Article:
Lone Star Love, the Wild West-set musical version of Shakespeare's The Merry Wives of Windsor, which played successfully Off-Broadway during the 2004-05 season, was announced this week as having a Broadway future. A Seattle engagement is scheduled for Sept. 8-30. The Broadway run will begin Nov. 1 at the Belasco (a rare musical offering in that often-dark house) with an official opening Dec. 3.
It follows in the footsteps of Grey Gardens, Spring Awakening and the upcoming In the Heights — musicals that, not too long ago, would have found their commercial homes Off-Broadway. But the difficult economics of Off-Broadway, the greater exposure of a Broadway berth, and a sense that Broadway is now more congenial to adventurous musical theatre, has led producers to move their shows uptown. So far, the gamble has paid off only for Spring Awakening, which won a heap of Tonys and looks as though it's on its way to a long life at the O'Neill. Grey Gardens, meanwhile, will close July 29, despite having won a couple Tonys and copious praise.
Most likely aiding the Lone Star Love producers' decision to go for the big time was the casting of film actor Randy Quaid as Colonel John Falstaff. He will be joined onstage by Broadway regulars and Tony nominees Robert Cuccioli as Frank Ford and Dee Hoty as Margaret Anne Page. Randy Skinner will direct and choreograph.
In more Broadway news, a new Broadway-aimed production of the groundbreaking 1967 film, Guess Who's Coming to Dinner,, with Kenny Leon attached as director, is in the works. Late screenwriter William Rose's Academy Award-winning screenplay will be adapted for the theatre by Todd Kreidler, who is close to Leon, having served as dramaturg to the late August Wilson on both Gem of the Ocean and Radio Golf. The story, of course, concerned a supposedly liberal mother and father's unexpected reactions when their daughter comes home with a new boyfriend who is African-American. Producer Jeffrey Finn is hoping for a Dinner date on Broadway in fall 2008.
Leon's next Broadway gig was to have been an all-black version of Tennessee Williams' Cat on a Hot Tin Roof that, word had it, would have starred Audra McDonald, Forest Whitaker and Anthony Mackie. But Leon exited the project after reported disagreements with the producers over casting.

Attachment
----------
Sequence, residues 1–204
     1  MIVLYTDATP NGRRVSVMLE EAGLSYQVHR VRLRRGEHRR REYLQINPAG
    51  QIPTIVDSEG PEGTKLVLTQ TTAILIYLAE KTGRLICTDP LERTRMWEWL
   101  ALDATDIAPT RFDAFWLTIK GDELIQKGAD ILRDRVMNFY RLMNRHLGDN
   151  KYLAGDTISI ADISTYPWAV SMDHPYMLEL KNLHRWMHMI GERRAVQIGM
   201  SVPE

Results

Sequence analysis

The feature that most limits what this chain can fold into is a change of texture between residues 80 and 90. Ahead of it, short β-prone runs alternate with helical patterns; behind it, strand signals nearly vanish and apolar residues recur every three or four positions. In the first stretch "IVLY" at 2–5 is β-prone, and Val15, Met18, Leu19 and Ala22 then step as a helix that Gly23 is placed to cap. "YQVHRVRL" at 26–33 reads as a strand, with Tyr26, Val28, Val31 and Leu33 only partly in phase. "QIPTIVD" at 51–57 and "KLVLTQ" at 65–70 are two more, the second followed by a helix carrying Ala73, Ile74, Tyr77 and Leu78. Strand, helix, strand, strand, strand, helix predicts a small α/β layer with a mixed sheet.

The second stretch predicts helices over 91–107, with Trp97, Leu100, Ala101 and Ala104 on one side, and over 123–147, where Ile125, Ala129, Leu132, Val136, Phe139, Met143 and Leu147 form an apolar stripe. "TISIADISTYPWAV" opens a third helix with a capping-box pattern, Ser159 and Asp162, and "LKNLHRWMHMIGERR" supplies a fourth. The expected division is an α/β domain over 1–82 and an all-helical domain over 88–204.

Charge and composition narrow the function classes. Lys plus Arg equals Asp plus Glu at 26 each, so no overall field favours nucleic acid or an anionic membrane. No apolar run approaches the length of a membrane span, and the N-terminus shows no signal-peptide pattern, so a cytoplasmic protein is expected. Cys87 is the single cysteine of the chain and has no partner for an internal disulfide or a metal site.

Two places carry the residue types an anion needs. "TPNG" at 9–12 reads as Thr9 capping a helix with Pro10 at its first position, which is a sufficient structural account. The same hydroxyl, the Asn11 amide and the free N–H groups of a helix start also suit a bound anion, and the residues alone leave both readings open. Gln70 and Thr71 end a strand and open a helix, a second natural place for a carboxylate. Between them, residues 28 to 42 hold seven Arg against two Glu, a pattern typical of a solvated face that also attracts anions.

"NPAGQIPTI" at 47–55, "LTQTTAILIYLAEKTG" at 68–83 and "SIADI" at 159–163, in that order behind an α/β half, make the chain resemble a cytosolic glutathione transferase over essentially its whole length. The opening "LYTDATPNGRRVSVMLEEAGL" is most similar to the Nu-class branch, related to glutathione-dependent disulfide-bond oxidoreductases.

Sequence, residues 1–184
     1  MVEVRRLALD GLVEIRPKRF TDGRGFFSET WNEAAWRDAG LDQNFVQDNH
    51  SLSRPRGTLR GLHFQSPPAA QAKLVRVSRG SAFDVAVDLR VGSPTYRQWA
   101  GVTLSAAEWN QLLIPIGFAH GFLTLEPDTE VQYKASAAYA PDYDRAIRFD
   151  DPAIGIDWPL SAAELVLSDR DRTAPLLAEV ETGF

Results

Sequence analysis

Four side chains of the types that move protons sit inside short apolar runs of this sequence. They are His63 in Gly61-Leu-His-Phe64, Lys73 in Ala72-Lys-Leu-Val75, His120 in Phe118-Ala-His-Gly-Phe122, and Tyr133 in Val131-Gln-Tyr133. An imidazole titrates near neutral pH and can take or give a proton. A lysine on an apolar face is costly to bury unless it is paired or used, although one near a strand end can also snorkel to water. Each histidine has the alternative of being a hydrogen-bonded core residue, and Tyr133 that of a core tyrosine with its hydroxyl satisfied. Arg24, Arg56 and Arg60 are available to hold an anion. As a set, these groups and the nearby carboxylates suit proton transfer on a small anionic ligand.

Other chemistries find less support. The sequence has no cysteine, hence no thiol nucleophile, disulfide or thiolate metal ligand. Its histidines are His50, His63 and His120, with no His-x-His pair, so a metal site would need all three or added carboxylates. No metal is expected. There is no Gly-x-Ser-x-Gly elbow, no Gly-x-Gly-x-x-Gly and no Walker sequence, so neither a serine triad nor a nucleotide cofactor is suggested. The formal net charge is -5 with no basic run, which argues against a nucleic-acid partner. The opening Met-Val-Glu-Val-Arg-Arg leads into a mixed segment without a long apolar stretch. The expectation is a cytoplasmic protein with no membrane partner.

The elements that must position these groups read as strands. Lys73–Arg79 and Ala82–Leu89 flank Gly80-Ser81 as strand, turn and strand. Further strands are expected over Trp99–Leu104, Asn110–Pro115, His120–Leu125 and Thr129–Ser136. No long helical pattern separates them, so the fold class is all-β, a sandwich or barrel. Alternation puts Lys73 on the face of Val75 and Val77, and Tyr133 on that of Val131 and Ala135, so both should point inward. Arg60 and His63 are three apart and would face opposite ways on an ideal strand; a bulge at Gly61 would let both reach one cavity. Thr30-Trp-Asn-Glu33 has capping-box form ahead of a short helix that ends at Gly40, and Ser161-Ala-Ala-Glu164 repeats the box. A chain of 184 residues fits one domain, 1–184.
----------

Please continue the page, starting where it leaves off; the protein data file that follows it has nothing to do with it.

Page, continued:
After cropping up here and there and everywhere for the past few years, The Civilians' charming bit of mock-documentary theatre, Gone Missing, has finally settled down and become an old-fashioned commercial hit. The Barrow Street Theatre production has just announced yet another extension to its successful run. The production is now booked through January 2008.
Gone Missing takes a whimsical look at all things lost: car keys, shoes, rings, photographs innocence, memory, limbs and sanity. The cast features several downtown favorites (people not used to working more than three weeks at a time), including Emily Ackerman, Damian Baldet, Jennifer R. Morris, Stephen Plunkett, Robbie Collier Sublett and Colleen Werthmann.
Hairspray, the hit Broadway musical inspired by the John Waters film of a young girl's dream to dance on television in 1960's Baltimore, has come full circle, making it back to the screen. The new movie musical opened wide on July 20 to mainly positive reviews. Whether that means it will become the next Chicago is yet to be seen.
Adam Shankman directs a cast which includes not a single star from the stage version, but a number of name film performers including John Travolta and Christopher Walken as Edna and Wilbur Turnblad, Queen Latifah as Motormouth Maybelle and Michelle Pfeiffer as Velma von Tussel.